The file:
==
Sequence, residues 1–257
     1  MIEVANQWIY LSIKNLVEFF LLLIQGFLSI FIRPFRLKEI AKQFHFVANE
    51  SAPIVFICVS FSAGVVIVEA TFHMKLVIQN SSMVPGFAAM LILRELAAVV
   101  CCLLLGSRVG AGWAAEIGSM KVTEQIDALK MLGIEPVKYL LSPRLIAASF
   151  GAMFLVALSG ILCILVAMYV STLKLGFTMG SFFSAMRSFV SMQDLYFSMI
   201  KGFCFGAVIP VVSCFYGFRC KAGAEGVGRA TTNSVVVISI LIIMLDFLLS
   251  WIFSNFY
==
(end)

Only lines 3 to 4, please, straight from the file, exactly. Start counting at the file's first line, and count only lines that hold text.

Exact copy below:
    51  SAPIVFICVS FSAGVVIVEA TFHMKLVIQN SSMVPGFAAM LILRELAAVV
   101  CCLLLGSRVG AGWAAEIGSM KVTEQIDALK MLGIEPVKYL LSPRLIAASF